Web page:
Parker’s work here has the same haunted, inward-peering reverberation as his songs with the ought’s gothic Low Lows and before that Parker & Lily, but it is augmented with a cast of roughly 30 musicians, a rough country orchestra of guitars, brass, keyboards and reeds that lifts these introspective tunes into grand, exultant crescendos. The culmination comes in “Drowned Men,” whose mournful textures take on the density and joy of certain classic soul tunes (I’m thinking O.V. Wright’s “Drowning on Dry Land”), as a swaying, rollicking, band of ruffians fills in the anguished spaces with something like triumph.

DOWNLOAD: “Crown of Sparrows” “Drowned Men”


DIEALPS! – Our City

Album: Our City

Artist: DieAlps!

Label: New Granada

Release Date: August 04, 2017

The Upshot: Florida baroque pop—imagine that from the Sunshine State!—on a stunningly beautiful debut.


 For decades now, Florida has been churning out bands that owe their careers to distorted guitars and loud amp stacks. It’s spawned a slew of great punk bands and a mess of not-so-great Nü-metal groups. So, it seems surprising then that the Sunshine State could have also nurtured a thoughtful baroque pop group like DieAlps!.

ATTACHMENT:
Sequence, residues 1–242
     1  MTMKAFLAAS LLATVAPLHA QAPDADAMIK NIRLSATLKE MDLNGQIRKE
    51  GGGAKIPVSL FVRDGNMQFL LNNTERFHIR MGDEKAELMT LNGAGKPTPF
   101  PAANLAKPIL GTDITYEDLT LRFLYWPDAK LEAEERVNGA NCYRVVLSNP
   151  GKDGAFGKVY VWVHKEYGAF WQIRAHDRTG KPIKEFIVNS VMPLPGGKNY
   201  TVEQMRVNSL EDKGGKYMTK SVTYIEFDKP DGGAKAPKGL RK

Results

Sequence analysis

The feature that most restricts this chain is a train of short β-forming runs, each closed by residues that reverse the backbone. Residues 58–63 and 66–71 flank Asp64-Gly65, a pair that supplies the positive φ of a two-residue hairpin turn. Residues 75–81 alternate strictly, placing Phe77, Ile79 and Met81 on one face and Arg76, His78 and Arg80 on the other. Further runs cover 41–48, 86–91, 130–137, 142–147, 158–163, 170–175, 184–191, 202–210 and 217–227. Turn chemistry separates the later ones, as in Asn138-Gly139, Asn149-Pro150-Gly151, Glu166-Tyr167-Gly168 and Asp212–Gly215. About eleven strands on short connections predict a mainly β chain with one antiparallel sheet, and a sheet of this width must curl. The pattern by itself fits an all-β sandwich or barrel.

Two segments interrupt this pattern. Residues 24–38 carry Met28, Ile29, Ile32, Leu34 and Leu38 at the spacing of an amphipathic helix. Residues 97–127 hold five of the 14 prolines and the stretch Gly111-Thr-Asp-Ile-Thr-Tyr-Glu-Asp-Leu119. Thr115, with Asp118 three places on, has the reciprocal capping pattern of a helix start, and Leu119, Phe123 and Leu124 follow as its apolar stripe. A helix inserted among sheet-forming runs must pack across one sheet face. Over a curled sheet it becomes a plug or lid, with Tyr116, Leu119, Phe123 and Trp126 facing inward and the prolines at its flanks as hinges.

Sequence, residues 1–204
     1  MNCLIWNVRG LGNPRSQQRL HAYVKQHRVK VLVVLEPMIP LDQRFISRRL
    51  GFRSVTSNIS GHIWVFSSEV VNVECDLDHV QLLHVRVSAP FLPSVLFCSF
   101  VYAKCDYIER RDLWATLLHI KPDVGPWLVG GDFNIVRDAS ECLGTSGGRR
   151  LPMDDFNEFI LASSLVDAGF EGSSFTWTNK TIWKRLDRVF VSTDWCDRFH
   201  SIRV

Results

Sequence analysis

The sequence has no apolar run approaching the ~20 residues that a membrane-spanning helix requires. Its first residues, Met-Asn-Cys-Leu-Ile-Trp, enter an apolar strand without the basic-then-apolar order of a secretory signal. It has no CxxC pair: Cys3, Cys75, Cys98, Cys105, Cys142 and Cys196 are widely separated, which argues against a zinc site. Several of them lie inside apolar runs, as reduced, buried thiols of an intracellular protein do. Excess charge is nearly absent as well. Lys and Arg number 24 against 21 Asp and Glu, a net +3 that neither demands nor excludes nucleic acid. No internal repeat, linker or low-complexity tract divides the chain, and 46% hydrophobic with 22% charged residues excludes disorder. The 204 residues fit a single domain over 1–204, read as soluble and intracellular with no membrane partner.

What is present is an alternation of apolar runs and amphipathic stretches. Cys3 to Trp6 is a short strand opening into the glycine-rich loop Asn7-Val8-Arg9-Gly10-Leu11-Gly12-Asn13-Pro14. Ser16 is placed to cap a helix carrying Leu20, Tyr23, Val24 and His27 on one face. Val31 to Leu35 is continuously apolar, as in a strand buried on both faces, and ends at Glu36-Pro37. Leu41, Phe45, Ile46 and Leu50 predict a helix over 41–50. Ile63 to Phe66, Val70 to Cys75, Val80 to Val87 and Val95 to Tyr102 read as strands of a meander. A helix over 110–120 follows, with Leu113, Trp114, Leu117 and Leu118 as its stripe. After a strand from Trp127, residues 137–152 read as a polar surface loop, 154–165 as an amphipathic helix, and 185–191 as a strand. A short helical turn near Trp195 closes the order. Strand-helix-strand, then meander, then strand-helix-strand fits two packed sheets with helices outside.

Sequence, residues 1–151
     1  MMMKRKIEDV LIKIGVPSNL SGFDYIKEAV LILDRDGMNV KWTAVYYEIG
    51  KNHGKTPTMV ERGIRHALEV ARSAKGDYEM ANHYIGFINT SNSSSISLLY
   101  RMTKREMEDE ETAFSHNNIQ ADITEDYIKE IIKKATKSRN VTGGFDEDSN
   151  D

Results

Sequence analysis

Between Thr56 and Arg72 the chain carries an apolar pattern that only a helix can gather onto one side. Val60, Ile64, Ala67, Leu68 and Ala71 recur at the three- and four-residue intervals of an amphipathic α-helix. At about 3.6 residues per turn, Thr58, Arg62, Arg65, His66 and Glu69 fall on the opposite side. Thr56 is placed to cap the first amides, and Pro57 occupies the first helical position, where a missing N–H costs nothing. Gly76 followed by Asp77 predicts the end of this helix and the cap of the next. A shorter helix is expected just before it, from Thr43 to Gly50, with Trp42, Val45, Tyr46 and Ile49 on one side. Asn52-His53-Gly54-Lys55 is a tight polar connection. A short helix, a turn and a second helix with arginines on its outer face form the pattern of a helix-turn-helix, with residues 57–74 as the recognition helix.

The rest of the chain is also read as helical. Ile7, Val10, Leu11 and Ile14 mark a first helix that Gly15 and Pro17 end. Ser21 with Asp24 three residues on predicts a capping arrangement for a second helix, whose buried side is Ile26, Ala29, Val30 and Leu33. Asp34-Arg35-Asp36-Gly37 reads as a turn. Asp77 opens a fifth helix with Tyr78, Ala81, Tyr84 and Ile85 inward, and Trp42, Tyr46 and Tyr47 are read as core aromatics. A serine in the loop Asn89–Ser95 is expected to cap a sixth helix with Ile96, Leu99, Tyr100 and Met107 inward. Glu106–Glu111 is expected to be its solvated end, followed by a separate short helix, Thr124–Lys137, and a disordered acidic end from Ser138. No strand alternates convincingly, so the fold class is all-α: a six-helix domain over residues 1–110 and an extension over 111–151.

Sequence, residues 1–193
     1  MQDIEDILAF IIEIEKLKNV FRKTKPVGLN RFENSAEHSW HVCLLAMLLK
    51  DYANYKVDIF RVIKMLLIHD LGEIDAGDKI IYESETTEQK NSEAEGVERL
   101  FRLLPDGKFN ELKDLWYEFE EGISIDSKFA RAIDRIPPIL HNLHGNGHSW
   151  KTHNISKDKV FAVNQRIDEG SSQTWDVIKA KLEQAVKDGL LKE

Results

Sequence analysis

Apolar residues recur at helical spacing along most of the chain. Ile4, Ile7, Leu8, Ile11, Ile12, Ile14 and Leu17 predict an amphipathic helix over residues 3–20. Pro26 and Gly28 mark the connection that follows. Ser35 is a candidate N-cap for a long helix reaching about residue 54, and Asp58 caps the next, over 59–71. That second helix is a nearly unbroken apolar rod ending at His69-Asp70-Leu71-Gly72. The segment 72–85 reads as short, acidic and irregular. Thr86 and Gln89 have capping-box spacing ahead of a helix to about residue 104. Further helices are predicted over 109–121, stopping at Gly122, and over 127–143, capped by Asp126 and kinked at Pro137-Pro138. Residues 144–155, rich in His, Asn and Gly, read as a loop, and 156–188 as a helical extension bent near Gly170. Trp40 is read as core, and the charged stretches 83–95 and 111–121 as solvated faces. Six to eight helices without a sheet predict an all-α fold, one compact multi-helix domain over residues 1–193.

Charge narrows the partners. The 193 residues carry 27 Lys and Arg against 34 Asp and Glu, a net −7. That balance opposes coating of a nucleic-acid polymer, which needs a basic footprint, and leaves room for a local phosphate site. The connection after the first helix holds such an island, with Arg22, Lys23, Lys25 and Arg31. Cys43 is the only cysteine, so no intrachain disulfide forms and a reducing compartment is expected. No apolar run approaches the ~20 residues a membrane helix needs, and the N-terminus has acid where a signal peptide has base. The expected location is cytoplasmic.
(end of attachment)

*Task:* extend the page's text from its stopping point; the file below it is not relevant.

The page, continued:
Comprising Cornelia Calcaterra and husband/guitarist, Frank, the Tampa-based band made an at times stunningly beautiful debut album with Our City. Spread across a dozen tracks, there is a strong ‘90s alt/college rock influence felt throughout, recalling everyone from The Sundays to Buffalo Tom.

The record certainly has its quietter moments on songs like “Dwight” and the swooning “Mayfly,” but the band is also just as willing to crank up the volume on songs like “Our City.”  The duo trade off vocals throughout, making for a compelling sound.